Completing the podium in race two was Dave Molyneux, the 17-time TT winner getting a first podium since 2017 after a tough event that may well be the 60-year-old’s last.

5. Organisers do well to battle against the conditions

Rain delay

Rain delay

Photo by: PaceMaker Press

Last year’s Isle of Man TT was blessed with such good weather that anything other than a repeat in 2024 could be classed as a disappointment.

Tuesday’s practice was lost to poor weather, while the race week schedule was severely hampered by rain.

No racing took place on Tuesday, while only one did on Wednesday. Rain meant no racing could happen on Friday, forcing a three-race Saturday timetable and the outright cancellation of the Superstock 2 contest.

All in all, though, of the 10 races scheduled only one wasn’t run. Given the logistical headaches organisers face in running the TT, the fact almost all of the scheduled races were staged deserves immense credit.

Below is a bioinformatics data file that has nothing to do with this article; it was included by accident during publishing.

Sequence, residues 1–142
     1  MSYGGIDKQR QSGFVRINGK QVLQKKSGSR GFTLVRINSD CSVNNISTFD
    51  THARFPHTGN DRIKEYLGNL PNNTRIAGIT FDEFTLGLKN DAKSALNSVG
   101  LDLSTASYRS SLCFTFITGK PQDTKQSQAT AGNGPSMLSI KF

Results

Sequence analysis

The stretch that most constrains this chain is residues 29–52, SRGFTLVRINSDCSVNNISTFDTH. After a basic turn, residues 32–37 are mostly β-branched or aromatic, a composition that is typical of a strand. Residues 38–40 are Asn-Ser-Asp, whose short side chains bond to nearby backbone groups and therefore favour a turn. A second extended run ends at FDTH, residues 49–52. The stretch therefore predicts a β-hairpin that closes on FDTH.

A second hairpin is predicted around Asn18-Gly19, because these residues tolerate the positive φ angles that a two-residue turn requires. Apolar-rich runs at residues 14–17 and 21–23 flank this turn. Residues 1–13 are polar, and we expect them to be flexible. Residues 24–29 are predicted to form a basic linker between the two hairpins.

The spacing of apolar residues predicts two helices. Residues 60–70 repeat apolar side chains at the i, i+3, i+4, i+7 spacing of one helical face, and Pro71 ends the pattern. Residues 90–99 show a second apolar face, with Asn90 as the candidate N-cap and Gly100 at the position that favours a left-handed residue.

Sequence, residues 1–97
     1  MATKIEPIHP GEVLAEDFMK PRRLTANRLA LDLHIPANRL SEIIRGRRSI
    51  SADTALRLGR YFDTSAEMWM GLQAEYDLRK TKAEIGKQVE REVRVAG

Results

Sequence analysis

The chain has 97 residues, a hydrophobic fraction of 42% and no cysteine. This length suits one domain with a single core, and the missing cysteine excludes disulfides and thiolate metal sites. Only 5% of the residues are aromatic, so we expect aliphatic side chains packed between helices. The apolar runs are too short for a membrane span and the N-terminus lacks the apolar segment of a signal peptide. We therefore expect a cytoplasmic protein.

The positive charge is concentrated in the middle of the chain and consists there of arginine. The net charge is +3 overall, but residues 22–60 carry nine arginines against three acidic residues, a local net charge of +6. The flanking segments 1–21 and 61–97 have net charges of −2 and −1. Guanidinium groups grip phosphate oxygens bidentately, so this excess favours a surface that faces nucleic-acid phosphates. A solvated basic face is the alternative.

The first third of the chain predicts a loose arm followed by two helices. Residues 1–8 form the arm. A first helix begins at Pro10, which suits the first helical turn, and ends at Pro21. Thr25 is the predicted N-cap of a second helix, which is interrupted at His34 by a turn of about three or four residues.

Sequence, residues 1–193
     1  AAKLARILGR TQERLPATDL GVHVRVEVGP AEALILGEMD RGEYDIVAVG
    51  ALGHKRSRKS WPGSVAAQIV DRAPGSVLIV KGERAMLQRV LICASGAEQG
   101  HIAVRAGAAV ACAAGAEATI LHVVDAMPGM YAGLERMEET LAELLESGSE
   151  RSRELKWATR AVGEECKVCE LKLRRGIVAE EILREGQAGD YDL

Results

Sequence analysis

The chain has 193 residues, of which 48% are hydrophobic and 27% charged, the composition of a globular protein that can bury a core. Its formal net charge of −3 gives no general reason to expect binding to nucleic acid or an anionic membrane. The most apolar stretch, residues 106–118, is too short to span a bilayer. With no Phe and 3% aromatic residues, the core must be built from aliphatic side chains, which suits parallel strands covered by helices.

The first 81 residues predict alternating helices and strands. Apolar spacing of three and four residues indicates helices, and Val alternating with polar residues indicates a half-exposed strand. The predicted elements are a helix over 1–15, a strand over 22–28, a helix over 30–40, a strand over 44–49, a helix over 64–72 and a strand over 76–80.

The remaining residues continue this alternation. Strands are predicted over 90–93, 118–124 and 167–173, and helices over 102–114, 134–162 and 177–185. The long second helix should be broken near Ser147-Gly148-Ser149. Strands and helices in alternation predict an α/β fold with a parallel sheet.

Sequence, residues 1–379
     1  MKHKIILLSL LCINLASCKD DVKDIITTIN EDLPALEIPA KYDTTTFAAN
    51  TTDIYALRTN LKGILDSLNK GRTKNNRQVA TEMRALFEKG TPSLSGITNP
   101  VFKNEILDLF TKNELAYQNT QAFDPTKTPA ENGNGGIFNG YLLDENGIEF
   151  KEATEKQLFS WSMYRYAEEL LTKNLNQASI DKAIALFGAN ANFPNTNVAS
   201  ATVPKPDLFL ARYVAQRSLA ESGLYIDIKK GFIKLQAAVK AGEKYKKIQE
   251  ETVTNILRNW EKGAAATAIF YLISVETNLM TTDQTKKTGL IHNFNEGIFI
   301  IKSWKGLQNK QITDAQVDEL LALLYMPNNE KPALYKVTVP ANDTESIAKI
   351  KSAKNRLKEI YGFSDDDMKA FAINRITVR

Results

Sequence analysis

While there will always be those who are unhappy with timetable changes and cancellations, organisers have to consider the local population, demands on riders and the marshals when deciding on any revisions.

Staging the TT will never be an easy task, but the organisers did as good a job as possible to ensure almost all racing could be held and fans weren’t disappointed.

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Previous article Isle of Man TT 2024: Todd wins dramatic Senior TT; Dunlop, Hickman DNF